These Images Were Captured Nearly 3.8 Billion Miles From Earth

For a short time this New Horizons Long Range Reconnaissance Imager frame of the

For a short time this New Horizons Long Range Reconnaissance Imager frame of the"Wishing Well star cluster taken Dec. 5 was the farthest image ever made by a spacecraft breaking a record set by Voyager 1. About two hours later New Horizons

And now we have been able to shoot more distant from the Earth than any other spacecraft in history, "said New Horizons lead researcher Alan Stern of Colorado's Southwest Research Institute".

Voyager 1's cameras were turned off shortly after that portrait, leaving its distance record unchallenged for more than 27 years.

They are also the closest-ever images of Kuiper Belt objects.

It's not the first time New Horizons has managed an unprecedented feat. That record was set on February 14, 1990, when Voyager 1 looked back at the solar system and took 60 photographs that were subsequently put together to create the famous "Pale Blue Dot" image of Earth.

Just two hours after breaking the almost three-decade-old record, New Horizons broke its own record, photographing two small KBOs, 2012 HZ84 and 2012 HE85 from an even more distant location. There, NASA says it plans for New Horizons to make flyby investigations of at least two dozen objects, such as "dwarf planets and 'Centaurs, ' former [Kuiper Belt objects] in unstable orbits that cross the orbits of the giant planets".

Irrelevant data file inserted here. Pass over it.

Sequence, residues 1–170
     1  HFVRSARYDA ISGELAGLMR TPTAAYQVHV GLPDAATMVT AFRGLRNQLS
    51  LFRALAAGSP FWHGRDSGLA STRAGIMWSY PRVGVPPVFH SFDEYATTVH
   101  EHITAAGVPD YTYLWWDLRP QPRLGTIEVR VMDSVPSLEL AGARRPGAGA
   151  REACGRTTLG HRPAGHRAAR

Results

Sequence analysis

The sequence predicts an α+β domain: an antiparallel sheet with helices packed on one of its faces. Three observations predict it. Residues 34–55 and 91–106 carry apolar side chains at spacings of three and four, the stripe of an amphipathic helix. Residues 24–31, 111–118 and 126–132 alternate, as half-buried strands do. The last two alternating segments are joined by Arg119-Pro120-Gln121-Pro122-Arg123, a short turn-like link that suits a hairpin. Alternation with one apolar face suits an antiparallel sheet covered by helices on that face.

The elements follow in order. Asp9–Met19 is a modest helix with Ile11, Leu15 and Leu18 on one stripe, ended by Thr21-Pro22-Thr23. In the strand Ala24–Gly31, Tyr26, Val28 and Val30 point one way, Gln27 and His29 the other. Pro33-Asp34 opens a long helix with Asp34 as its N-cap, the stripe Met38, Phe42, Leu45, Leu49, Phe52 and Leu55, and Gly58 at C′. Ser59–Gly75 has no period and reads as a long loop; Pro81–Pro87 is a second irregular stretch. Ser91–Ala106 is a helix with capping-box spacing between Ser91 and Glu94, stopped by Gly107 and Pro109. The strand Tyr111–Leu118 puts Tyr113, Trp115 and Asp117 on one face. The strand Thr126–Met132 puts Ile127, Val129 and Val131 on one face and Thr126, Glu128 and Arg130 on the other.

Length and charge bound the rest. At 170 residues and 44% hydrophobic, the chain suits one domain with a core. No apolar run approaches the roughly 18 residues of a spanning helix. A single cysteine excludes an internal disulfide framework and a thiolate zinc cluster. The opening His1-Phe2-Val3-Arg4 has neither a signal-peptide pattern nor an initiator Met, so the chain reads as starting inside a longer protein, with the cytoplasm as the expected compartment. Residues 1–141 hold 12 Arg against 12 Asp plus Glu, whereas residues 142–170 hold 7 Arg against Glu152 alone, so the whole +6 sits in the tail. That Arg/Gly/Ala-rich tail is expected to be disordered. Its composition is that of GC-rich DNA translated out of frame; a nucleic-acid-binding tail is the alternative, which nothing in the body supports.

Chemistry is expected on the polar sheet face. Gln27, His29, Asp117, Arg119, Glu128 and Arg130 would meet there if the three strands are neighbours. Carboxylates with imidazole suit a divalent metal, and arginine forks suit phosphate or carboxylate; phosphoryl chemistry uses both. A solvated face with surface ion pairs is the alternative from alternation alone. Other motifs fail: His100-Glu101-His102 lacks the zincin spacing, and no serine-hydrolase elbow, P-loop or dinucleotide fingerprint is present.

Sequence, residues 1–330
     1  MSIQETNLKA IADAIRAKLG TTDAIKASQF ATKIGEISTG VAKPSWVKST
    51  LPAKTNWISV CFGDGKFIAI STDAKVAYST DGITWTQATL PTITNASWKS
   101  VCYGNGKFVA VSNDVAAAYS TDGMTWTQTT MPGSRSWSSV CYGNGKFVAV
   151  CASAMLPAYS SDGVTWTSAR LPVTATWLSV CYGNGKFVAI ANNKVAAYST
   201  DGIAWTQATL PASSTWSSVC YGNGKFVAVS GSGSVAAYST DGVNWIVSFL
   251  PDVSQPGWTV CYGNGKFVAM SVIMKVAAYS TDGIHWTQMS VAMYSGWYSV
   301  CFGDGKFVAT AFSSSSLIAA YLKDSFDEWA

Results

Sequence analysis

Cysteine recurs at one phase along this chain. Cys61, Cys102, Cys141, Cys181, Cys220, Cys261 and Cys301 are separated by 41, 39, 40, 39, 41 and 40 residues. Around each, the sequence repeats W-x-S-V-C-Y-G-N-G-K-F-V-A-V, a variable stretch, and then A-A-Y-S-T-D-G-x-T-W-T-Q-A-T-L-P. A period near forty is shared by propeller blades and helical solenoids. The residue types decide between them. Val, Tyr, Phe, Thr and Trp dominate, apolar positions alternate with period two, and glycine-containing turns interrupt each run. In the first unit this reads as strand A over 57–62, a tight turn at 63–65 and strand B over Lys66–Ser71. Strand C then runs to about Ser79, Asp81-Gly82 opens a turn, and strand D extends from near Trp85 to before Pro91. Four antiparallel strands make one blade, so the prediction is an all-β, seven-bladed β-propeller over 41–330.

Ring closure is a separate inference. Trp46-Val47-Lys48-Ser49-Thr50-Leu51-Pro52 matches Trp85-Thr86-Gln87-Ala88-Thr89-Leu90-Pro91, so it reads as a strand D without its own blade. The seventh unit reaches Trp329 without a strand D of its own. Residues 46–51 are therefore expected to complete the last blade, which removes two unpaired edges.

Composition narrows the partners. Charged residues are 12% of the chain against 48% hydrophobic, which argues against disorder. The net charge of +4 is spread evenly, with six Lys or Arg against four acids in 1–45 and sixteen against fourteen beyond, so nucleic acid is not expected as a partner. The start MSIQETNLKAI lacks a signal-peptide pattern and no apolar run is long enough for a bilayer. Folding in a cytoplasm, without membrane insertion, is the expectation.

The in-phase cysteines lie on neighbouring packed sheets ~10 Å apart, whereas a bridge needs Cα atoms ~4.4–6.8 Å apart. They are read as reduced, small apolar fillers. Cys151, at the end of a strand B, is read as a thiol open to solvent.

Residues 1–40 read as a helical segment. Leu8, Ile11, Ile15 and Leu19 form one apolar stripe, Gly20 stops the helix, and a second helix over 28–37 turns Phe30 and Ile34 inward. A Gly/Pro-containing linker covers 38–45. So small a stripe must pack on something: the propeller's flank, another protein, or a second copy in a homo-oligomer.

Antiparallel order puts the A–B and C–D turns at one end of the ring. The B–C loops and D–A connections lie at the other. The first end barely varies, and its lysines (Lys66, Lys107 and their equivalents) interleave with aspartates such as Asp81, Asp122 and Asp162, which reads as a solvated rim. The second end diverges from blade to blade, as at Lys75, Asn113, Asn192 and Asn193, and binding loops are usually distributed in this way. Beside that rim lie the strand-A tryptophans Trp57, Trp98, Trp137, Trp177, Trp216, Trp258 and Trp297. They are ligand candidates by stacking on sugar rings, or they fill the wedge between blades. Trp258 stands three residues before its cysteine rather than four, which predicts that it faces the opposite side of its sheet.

New Horizons is speeding toward its second target, 2014 MU69, a KBO one billion miles beyond Pluto, which it will encounter on New Year's Day 2019, covering a distance of more than 700,000 miles (1.1 million km) per day.

"Mission scientists study the images to determine the objects' shapes and surface properties, and to check for moons and rings", the space agency says.

"New Horizons has always been a first-time mission - the first to explore Pluto, the first to explore the Kaiber Zone, the fastest spacecraft ever shot".

But the New Horizons photos are a worthwhile reminder that as technology improves, and as NASA probes and crafts work their way deeper and deeper into space, there's going to be a wealth of interesting, engrossing, and attractive photos as a result. Especially interested in the outer solar system, Laurel gave a brief presentation at the 2008 Great Planet Debate held at the Johns Hopkins University Applied Physics Lab in Laurel, MD.

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